When I think of purity, tranquillity and relaxation, I think of a beach on a tropical island. I believe, most of us do- it’s a product of our Zeitgeist- Windows’ wallpapers, The Beach with Leo diCaprio and holiday pictures from the Maldives. I have never been to a tropical island, which is probably why I imagine it with such idealism. When I think of the ocean, I imagine silky turquoise water rather than something I have seen myself- neither the rocky sea bed of Hainan nor the boggy sands of the Hamptons make the cut- ‘My’ ocean is pure and transparent, like a tear.
I had never heard of the Plastic Vortex until I stumbled upon the non-profit ocean clean-up initiative Project Kaisei. I am not particularly socially active- I do not vocally support or demonstrate against anything. I do not pay attention to my CO2 footprint or consciously choose eco-friendly products. However, I find the idea of a garbage patch twice the size of Texas drifting in the North Pacific highly unpleasant and disturbing. Like discovering a garbage dump in my back yard or seeing mud stains on a surgeon’s gown.
According to the Project Kaisei website, out of more than 300 million tons of plastic produced every year, roughly 90% never makes it to recycling. In many cases, plastic waste that is not incinerated or piled in a land-fill eventually makes its way into the oceans, adding to what is sometimes called ‘the 8th continent’, floating some 1000 miles off the California coastline. The ever growing garbage monster is real, indisputably man-made and dangerous. It doesn’t just kill marine life but may even enter our food chain.
Project Kaisei studies the scope of the problem. Each year their ship sets sail to research the Vortex and increase the understanding of marine debris and its impact on the ocean, looking for solutions for both the pollution prevention and cleanup. The initiative isn’t cheap, $2.7 million will be required to help cover the costs of the next voyage.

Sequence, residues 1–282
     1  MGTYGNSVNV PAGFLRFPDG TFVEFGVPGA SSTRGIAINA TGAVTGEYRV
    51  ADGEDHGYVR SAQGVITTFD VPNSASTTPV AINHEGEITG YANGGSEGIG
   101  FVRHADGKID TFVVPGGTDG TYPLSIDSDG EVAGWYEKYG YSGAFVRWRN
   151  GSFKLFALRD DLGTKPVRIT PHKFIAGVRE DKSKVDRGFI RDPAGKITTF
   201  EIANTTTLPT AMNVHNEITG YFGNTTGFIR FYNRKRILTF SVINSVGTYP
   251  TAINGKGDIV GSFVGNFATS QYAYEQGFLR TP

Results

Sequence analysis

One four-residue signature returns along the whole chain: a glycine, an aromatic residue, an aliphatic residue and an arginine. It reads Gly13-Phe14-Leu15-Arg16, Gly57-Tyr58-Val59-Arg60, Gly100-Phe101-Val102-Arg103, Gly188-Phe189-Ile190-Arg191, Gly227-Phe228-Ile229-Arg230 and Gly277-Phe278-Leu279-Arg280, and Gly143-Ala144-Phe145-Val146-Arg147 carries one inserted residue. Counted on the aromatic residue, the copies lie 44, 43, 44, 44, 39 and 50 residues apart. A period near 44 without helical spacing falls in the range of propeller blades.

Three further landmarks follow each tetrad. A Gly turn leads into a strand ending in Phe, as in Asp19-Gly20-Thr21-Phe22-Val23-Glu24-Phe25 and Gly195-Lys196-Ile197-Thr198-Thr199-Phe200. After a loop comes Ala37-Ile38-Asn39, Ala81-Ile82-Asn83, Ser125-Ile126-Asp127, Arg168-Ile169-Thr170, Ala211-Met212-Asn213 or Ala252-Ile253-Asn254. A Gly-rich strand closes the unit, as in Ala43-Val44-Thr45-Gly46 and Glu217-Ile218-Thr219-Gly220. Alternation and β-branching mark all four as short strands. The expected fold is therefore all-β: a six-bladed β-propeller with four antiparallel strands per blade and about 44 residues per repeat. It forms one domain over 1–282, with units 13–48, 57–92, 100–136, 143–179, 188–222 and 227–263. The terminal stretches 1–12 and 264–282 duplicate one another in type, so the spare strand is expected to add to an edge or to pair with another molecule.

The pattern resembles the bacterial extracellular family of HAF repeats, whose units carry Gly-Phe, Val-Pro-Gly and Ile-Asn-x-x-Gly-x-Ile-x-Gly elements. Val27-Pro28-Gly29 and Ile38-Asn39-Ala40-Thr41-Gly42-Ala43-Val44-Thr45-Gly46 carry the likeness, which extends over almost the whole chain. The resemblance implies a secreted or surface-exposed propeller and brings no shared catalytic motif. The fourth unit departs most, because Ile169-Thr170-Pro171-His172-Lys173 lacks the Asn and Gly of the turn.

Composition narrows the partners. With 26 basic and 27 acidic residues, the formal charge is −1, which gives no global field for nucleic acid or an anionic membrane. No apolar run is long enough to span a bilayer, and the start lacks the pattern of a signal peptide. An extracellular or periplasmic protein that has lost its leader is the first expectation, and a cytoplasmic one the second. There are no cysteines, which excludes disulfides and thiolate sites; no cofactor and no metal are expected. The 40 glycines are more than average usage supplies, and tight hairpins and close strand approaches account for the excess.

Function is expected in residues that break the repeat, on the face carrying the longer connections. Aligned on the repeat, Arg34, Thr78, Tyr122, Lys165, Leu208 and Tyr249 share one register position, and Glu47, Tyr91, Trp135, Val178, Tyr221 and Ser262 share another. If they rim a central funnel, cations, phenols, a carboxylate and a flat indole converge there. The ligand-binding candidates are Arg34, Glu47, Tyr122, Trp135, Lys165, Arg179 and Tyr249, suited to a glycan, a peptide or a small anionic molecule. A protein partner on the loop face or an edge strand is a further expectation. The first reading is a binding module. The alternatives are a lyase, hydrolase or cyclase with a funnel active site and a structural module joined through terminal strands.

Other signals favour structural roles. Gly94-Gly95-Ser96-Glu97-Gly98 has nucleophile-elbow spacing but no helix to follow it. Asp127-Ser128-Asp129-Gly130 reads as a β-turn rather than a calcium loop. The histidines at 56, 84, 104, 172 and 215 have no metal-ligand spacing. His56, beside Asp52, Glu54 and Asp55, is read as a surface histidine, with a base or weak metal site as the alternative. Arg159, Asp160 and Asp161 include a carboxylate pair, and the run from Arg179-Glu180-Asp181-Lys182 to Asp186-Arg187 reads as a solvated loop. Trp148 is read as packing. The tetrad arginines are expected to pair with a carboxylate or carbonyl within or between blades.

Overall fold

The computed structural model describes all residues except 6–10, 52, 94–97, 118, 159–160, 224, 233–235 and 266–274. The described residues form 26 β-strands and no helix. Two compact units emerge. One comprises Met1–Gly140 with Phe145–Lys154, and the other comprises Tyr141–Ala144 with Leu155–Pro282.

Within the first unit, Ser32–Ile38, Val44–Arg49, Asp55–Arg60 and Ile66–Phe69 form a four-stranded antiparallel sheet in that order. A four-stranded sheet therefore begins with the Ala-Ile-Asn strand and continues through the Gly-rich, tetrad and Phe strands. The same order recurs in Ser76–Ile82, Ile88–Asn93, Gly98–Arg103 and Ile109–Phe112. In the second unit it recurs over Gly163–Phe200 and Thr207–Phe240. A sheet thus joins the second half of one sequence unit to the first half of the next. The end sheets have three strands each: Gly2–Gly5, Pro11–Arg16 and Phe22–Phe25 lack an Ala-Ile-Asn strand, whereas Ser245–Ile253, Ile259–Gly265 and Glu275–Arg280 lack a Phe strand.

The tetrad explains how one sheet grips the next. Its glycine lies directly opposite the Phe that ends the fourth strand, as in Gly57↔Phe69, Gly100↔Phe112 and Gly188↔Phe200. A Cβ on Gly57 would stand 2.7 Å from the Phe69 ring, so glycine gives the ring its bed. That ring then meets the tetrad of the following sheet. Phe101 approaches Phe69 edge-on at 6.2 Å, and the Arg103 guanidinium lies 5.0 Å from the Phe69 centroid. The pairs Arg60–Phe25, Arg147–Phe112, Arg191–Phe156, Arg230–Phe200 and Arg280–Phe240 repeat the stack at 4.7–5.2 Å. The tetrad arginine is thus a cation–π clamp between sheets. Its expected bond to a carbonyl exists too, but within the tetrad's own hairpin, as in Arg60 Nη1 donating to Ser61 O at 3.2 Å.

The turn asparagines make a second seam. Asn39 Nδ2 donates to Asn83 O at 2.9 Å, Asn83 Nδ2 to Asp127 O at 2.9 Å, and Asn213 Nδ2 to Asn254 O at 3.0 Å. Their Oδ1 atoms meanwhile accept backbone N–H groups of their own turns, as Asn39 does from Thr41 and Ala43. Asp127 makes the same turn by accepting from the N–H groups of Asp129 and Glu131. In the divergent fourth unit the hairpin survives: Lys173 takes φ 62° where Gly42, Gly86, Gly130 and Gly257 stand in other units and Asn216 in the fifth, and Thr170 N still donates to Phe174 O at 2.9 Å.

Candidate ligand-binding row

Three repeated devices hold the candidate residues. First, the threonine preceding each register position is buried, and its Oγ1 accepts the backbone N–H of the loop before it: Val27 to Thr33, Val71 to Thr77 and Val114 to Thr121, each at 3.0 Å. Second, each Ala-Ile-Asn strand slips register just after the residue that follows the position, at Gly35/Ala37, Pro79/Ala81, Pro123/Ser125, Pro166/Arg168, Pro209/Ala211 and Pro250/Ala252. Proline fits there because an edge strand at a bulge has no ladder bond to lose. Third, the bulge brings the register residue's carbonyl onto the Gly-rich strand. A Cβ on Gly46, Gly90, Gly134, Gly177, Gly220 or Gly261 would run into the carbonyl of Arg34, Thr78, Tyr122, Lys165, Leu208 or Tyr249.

To help raise funds for the voyage, PR specialists Cohn & Wolfe, and Project Kaisei have created a 30 day campaign featuring a streaming video of Kai, a small goldfish caught in an epic battle against plastic pollution. Via a 24-hour webcam consumers can follow Kai’s plight, living in an aquarium filled with plastic material, representing the Plastic Vortex.
To “Save Kai” and remove plastic from his castle in the sea, participants can make donations as small as £5 via Facebook http://bit.ly/savekai from now until just after World Ocean’s Day on June 10. As donations increase, the plastic debris in the aquarium decreases, creating a safe and plastic-free environment for Kai to enjoy. All proceeds from the campaign will go towards funding Project Kaisei’s scientific research and clean up expeditions.
For as long as I can remember there has been talk about how much the environment is suffering and debate on whether global warming is anthropogenic or not. I believe in ozone holes but in a way one believes in gravity – something that clearly exists but can’t be seen. The Vortex, or the North Pacific Gyre, is a very tangible, poisonous dump the size of a small continent. If we do not deal with it, the problem will continue to grow until it reaches our shores, wherever they are. Let’s help the scientists, I do not want my island to exist solely as a backdrop to my computer’s desktop.
Thanks so much for spotlighting this issue! Just a small correction – the URL for “Save Kai” Facebok campaign is http://on.fb.me/savekainow.
My pleasure. I have used the URL provided by C&W, the PR agency promoting the gig.